A/N: as a few of you already commented on, I changed the point of view from Jeff to his sons. It probably was mainly because Jeff was by now dealing with things and I wanted to continue scenes from previous stories with the other characters. This last chapter has a mix of it again because I think a few things were kept too short in the movie. I still mutter about the last scene where Jeff Tracy includes a fourteen/fifteen year old into IR. No way.

°shakes head °

I could have done a separate story on each and every Tracy, but it would have felt so out of context with the rest of the other stories. And I would keep repeating myself. I hate that.

This chapter has John in it again. Darn, the guy really has grown on me.
Sorry ;)

The return to school had been like being cast into a dream. Alan had gone without much protest, though he had felt bad at leaving his family to deal with so many things still to do. John would return to Thunderbird 5 soon, but at the moment he was recovering and healing, which took priority.

The flight from Tracy Island to the local airport and the subsequent ride to school had been subdued, almost without the usually spirited conversation between him and Fermat. His best friend was lost in thought as well. Fermat at least had been able to help his father, while Alan had slaved over school stuff.

After dumping his bags in the dorm he quickly checked that he had taken everything he needed with him, especially his homework. The paper John had proved was neatly burned onto a CD and he would give it to Ms Garrett first thing tomorrow.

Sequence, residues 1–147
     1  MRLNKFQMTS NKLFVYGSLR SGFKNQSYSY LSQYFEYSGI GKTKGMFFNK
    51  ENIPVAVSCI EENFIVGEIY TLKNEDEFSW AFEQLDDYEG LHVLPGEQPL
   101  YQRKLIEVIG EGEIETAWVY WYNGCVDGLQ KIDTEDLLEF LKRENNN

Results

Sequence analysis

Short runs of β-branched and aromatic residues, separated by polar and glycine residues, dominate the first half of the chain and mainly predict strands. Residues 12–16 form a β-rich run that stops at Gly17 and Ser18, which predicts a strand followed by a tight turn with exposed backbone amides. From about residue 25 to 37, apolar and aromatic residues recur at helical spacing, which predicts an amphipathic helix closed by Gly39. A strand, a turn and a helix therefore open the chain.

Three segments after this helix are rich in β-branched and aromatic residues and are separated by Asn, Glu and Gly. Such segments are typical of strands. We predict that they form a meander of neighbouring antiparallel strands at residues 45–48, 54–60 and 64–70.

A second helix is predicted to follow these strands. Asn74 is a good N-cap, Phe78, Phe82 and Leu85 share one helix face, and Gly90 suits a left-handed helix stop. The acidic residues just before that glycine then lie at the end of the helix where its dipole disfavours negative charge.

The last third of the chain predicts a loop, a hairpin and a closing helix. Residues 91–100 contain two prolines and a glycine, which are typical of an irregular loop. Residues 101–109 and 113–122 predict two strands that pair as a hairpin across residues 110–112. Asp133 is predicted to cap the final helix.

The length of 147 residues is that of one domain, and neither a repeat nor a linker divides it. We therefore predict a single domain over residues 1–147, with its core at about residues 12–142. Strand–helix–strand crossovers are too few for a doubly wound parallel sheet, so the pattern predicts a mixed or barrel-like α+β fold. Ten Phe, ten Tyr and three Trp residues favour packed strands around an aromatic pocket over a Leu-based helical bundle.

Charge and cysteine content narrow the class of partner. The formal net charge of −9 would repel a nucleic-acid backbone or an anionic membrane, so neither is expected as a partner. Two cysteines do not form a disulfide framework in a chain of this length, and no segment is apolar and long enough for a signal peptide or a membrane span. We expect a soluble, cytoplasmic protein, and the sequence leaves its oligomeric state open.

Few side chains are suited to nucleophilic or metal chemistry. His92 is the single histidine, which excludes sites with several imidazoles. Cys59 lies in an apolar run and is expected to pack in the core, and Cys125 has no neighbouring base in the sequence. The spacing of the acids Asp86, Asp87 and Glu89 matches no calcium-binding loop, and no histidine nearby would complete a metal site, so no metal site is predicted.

And then he would start his last leg of school before summer break, keeping his fingers crossed that his grades might pick up and that the paper wouldn't be all that bad.

Going back onto the school grounds, Alan looked around, strangely soothed by the normality. He had always envied his brothers, them going off on cool missions. Sure, he had known they were dangerous, but he had never really understood what it meant. Now he had. He had nearly lost his family, had felt so incredibly helpless, so ill-equipped to deal with this crisis, and it had driven home just how much he still needed to learn. Being a Thunderbird wasn't just about being cool. It was about being responsible, about knowing his stuff, about acting as a team, about... being an adult.

Alan smiled a little. He could learn that. All of that. He would become a Thunderbird, but not by forcing his father's hand. He had proven himself in that dangerous time, but he had also learned a valuable lesson. He still had time to become what his brothers were; and they would always be there for him. John had driven home a fact that he had ignored before. No one expected more of him than he did of himself. No one wanted him to grow up fast; he had all the time he needed because all four of them had been where he was now. Alan had never been left out, even if he had felt like that all along. He had always been a part of it, because he was part of the family.

He had finally understood that now.

° ° °

It was late down on Earth.

Well, depending what time zone you were in.

For John, it meant the South Pacific. It was the middle of the night there, past midnight, and he was just about to turn in, too, since there were no particular hot spots for International Rescue to go to at the moment.